Cairo, Alexandria, Suez, and Ismailiya each mobilised efforts to prepare the stadiums and beautify their surroundings and the roads leading to them. Roads were revamped, signs repainted, and trees and plants taken care of. The stadiums were fitted with new, state-of-the-art power-saving lighting systems. In Suez, the local National Council for Women (NCW) pitched in with the cleaning and beautification efforts. When the Angolan team arrived at the city, Suez welcomed it to music of its traditional musical string instrument, the simsimiya.
Once all the African teams had reached their final destinations, Hany Abu-Rida, head of the Egyptian Football Union, insisted on taking a souvenir photograph with the security officials who had been in charge of securing the arrival of the teams, expressing his appreciation of their efforts.
In remote regions in Egypt, such as the Western Desert oases governorate of al-Wadi al-Gadeed, local governments placed giant screens in squares and public venues for the people to follow the championship. According to Watani’s Fouad Saad, Muhammad al-Zamlout, Governor of al-Wadi al-Gadeed, watched the opening ceremony with fans at the giant screen on the tourist promenade in the town of al-Kharga.
Amid the excitement and fanfare, Egypt’s National Council for Women was not blind to the risk of harassment in the midst of the huge crows. The NCW assigned the hotline 15115 to receive complaints of harassment. No figures have yet been released on complaints received. Watani’s Angele Reda says that Maya Morsy, head of the NCW, has called upon women and girls to send over photographs of themselves, their friends, and their children at the games in order for the NCW to post the photos on their official website.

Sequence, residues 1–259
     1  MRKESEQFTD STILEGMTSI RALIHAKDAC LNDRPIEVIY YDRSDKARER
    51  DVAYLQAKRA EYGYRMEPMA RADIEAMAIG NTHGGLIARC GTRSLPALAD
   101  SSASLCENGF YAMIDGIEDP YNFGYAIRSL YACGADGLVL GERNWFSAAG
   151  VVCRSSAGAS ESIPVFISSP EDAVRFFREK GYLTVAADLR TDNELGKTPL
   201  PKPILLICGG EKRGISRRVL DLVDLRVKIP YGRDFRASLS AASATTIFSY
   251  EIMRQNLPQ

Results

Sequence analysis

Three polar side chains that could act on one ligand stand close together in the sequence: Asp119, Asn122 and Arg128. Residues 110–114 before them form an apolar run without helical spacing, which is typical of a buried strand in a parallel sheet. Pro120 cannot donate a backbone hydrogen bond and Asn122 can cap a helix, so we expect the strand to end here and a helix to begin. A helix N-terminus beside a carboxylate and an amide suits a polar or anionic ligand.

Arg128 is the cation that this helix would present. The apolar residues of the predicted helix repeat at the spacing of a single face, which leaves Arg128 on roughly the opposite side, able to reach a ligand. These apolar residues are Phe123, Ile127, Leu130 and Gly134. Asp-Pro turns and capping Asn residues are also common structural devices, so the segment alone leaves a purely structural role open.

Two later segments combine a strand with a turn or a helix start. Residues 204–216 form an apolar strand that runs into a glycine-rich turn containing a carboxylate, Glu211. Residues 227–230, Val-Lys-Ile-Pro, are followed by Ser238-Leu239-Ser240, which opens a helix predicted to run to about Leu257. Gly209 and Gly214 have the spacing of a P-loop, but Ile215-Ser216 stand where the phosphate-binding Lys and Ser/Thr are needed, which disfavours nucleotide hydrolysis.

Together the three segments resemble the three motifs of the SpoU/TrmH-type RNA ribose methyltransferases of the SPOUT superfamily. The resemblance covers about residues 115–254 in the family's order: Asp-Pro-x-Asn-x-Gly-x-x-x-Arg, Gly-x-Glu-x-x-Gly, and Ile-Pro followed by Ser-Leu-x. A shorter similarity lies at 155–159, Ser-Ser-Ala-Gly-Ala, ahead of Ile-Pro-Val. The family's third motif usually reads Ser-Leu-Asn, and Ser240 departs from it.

Egyptians hold high hopes of winning the cup, especially given that their team is playing on its own turf and amid its fans. If the Egyptian team wins, it will be for the eighth time, setting a new African record. The last and seventh time Egypt won the Cup was in 2010.
As for Africans, social media shows just how wowed they were by the opening ceremony. To photographs of scenes of the opening ceremony, they posted their comments.
Patooh Gichini posted: “Credit to Egypt for such a well organised experience. World class!” Pye Waw wrote: “AFCON event in Cairo absolutely sensational”. For Gikundi Mugiira, it was: “Hello Universe, take a bow! This is Africa! Egypt made us proud. We are all feeling present in Cairo”
And Ahmed Ketta posted: “Well done Africa. Just Wow!”
26 June 2019